Contest - 3rd Place
Dayna Patterson received her MFA from Western Washington University. She is a former Managing Editor of Bellingham Review, Poetry Editor for Exponent II Magazine, and Founding Editor-in-Chief of Psaltery & Lyre. Her poetry has appeared or is forthcoming in The American Journal of Poetry, Hotel Amerika, North American Review, The Fourth River, Literary Mama, Sugar House Review, Weave, and others. www.psalteryandlyre.org
and finds her gills. Let’s say she spies a window to self-
preservation, decides to still, pales
for her funeral, allows limbs to deadweight atop her bier
all the long way to the graveyard. She’s careful
not to flutter the sheer linen with breathing, soundless,
in her hibernation, as the men protest over who loved her
most. She lets her cold blood soak up earth’s chill.
Then, after rain, she surfaces through muddy layers,
awakes from her torpor, shedding shroud like a skin,
up into the sky’s blue burn. She migrates, arrives
at the overwintering place, away from Denmark, away
from Hamlet, away from the proddings of her father’s
ghost and her brother’s commandments.
(Thou shalt. Thoushalt. Thous halt.)
She renames herself Lia—bearer of good news, of good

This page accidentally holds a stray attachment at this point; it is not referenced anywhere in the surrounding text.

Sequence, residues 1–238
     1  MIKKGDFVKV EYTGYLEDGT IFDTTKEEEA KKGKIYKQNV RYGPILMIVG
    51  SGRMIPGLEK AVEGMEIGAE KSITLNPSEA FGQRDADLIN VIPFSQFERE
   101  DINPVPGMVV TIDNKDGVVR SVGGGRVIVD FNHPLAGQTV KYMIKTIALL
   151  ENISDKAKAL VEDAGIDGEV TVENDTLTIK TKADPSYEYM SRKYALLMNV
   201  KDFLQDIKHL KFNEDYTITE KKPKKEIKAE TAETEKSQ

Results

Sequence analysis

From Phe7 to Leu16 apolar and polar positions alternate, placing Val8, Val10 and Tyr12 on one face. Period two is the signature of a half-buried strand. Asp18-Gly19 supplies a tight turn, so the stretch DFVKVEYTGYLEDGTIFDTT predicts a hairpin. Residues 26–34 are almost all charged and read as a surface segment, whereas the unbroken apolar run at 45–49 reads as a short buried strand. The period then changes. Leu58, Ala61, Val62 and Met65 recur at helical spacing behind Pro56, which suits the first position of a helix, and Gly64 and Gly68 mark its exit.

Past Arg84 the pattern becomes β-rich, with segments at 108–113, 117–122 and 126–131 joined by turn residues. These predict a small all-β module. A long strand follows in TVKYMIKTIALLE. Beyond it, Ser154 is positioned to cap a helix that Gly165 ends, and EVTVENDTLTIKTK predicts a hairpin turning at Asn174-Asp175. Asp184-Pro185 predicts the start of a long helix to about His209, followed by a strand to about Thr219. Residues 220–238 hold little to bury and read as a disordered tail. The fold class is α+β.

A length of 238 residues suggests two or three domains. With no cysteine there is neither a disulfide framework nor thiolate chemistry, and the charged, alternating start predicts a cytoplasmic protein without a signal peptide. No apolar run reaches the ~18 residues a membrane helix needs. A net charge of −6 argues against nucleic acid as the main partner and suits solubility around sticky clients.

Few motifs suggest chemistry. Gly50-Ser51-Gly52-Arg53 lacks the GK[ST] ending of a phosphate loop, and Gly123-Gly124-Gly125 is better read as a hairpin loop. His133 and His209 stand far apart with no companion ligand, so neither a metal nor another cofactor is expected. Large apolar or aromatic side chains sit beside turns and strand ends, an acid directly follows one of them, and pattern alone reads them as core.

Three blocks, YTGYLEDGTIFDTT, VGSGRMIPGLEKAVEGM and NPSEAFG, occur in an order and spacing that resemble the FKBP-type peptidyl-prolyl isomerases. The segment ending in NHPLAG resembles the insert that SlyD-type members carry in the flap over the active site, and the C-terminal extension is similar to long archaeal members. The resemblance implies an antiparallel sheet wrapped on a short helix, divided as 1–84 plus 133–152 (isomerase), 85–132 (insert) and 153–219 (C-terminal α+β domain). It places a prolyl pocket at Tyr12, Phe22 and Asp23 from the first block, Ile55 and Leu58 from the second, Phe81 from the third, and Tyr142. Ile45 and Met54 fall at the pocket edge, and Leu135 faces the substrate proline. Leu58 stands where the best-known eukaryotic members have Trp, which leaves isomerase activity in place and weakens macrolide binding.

nows. Free, she studies: Botanical phonemes. Floral linguistics.
The quiet of plants interspeaking, their instant messaging.
Here, she lays claim to the under-
story. Hers a glassy stream to swim, a mossery
to lie down in. Hers a mouthful of forest floor
and worm and lichen and sap. See her with algae
scooped in her palm, a jeweler’s glass
hitched to her eye.
A nonesuch nunnery of green.
“ When we watch Hamlet, our rational minds know the outcome will be the same—almost everyone will be caught in tragedy's steel trap mouth, but that doesn't stop our emotional cores from willing a different outcome each time the curtains part. If the multiverse hypothesis is accurate, there's a version of the play in some dimension or other in which Ophelia does, surely, make her way out of the maw and into a sanctuary of her own choosing. ”